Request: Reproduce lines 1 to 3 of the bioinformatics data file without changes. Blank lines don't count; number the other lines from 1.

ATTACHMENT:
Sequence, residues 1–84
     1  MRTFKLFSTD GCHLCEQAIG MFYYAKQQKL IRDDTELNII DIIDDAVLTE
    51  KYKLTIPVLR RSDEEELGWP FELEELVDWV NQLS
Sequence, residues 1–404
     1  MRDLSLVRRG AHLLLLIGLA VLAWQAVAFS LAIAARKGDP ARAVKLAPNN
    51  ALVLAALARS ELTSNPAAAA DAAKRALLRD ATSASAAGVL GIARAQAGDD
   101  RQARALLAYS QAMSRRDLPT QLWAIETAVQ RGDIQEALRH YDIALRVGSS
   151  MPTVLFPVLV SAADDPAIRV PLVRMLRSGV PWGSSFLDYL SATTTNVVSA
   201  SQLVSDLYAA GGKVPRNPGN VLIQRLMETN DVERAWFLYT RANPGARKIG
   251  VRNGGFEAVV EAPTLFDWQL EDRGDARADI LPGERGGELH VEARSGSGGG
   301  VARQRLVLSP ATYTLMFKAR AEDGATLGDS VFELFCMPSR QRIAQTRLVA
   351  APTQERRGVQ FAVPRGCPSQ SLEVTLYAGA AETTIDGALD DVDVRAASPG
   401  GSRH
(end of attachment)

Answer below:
Sequence, residues 1–84
     1  MRTFKLFSTD GCHLCEQAIG MFYYAKQQKL IRDDTELNII DIIDDAVLTE
    51  KYKLTIPVLR RSDEEELGWP FELEELVDWV NQLS